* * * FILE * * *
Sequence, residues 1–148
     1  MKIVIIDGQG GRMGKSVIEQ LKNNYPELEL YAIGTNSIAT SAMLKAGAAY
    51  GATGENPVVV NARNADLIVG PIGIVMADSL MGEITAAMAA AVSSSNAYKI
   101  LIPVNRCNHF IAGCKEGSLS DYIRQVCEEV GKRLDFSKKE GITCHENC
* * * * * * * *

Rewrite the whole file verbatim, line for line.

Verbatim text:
Sequence, residues 1–148
     1  MKIVIIDGQG GRMGKSVIEQ LKNNYPELEL YAIGTNSIAT SAMLKAGAAY
    51  GATGENPVVV NARNADLIVG PIGIVMADSL MGEITAAMAA AVSSSNAYKI
   101  LIPVNRCNHF IAGCKEGSLS DYIRQVCEEV GKRLDFSKKE GITCHENC